"Edward, you know me better than anyone else. How could you think you'd ever lose me? I would never, ever, stop being your friend."

"But, that's not all that I want, Bella. I want more..." I trail off sadly.

"Were you ever going to say anything? I mean, we graduate next week."

"I had a plan," I say with a wry smile. "There's something I've been doing... I thought once you saw that you'd know."

"Oh." You blush. "But I know now."

"I'm sorry you missed your prom. I know you had a special night planned; I heard the guys talking about it in gym." I look up and try to smile. "Maybe Jake could come and pick you up?"

"Why would I want Jake to come and pick me up?" Your face is serious. "To say you spent a lot of time taking pictures, Edward, you never really paid attention, did you? You never really saw me?"

"What do you mean?"

"I spent as much time with you as I could when we were growing up. I never let anyone else ride with us to school. Angela and Alice only live around the corner. I could have gone with them or let them ride with us. I thought you disapproved of me at school, and that's why you are always so aloof and quiet when I'm around. I know you don't like my friends and I didn't think I'd be anything to you but just your friend." You bite your lip. "Come with me. I want to show you something."

You pull me back into the rain and across to your house. Shouting a quick greeting to your dad, you drag me upstairs and into your bedroom. After rummaging around under your bed you pull out a small box and open it.

"Most of the stuff in here belonged to Mom," you say quietly. "But she bought me the box because I needed somewhere safe to keep this." You reach over and pass me something old, but familiar. The pipe cleaner is bent, almost broken in fact, and the red paper is crumpled and torn, but I know what it is.

The flower. My flower. Your flower.

"You kept this?" I ask and your blush returns.

"I look at it all the time. I even told Mom we were getting married." You sit close beside me. "You've never been just a friend, Edward. You've always been more to me. I wanted to tell you, but I keep finding reasons not to. When you said you were going to Yale too, I thought I'd wait until then... try and grow up a little beforehand."

Your hands squeeze mine. I'm trying not to get carried away. Dare I hope?

"I only went out with Jake, because... well... you never asked. I wanted you to ask me to prom. I even thought about asking you myself. Dad told me I should; he said that you're too shy, but I didn't believe him... I thought you weren't interested."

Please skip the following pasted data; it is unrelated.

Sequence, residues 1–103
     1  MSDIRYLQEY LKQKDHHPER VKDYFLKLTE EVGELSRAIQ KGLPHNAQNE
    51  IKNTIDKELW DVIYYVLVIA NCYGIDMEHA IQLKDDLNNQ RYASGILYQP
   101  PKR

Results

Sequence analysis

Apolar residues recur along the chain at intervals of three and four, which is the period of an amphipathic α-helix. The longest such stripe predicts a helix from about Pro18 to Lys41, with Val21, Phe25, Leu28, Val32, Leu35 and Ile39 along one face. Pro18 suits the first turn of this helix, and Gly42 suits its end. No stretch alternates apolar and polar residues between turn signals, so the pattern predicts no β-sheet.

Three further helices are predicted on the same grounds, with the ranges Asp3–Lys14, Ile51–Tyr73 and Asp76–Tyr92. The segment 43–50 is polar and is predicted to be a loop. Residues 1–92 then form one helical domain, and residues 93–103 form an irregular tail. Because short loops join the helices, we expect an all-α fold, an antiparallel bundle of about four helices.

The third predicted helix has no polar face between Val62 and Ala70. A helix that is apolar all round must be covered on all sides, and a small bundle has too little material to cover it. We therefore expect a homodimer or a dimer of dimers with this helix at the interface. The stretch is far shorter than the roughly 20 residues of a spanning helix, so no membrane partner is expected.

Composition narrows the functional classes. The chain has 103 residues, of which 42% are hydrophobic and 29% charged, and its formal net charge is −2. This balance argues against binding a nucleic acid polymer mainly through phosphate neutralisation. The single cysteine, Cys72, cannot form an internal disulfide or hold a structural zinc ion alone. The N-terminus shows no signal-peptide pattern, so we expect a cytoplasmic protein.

"I wanted to ask you, I wanted to dance with you, and I wanted to be the one who got to kiss you at the end of the night," I say, and your face falls a little.

"Wanted? Past tense?"

I smile and shake my head. "No, definitely present tense. Past, present and future tense probably." I dare to lean closer, my eyes focusing on your lips.

"Good," you mumble and tilt your head up.

Slowly, we move closer and closer until I press my lips softly on yours. They're so soft, and warm, and a small groan escapes my mouth as your hand holds onto the back of my neck.

It's better than I ever imagined it could be and I'm so overwhelmed. Suddenly, a flash of a camera startles us and I turn to see our parents standing in the doorway grinning.

"See, I told you to have some faith," Mom says, and she sets the camera down before they walk away.

We sit in shy silence for a minute before I speak. "I guess I should thank the guy at the store for being too pre-occupied with you to pay attention to his work."

"Was he?" You blush again. "I didn't see him. I was too busy looking at you. I can't believe you never noticed. Everyone at school used to moan at me for staring at you all the time. Even Dad threatened to say something to you if I didn't. I can't believe you never noticed."

"I will now," I say honestly. "I always will."

"Me too."

"Now what happens?" I ask quietly. "I'm kind of new to this stuff."

You smile and say, "Whatever we want to happen, happens, Edward. But first, I want you to kiss me again."



We can hear our parents cheering as we take our seats in the auditorium. My project is in the middle of the display at the back of the stage, and everyone is talking about it like I knew they would. But it's no longer the moment of truth, because you already understand. You and I are together, officially. I thought Jake might have caused a bit more trouble, but your dad's the Chief, so Jake didn't do much besides shoot the odd menacing glare in my direction. But I'd take anything, because I have you.

You love my project; you even cried when you first saw it. But now there's one new picture–the perfect shot I'd been waiting for–and this time it wasn't mine. The photo of you and I sharing our first kiss is there as the last part of our story.

I watched you for all those years, hoping that you would notice me. And in all those years I never really saw you. But I do now.

"I love you," I say, and you smile.

"I love you too."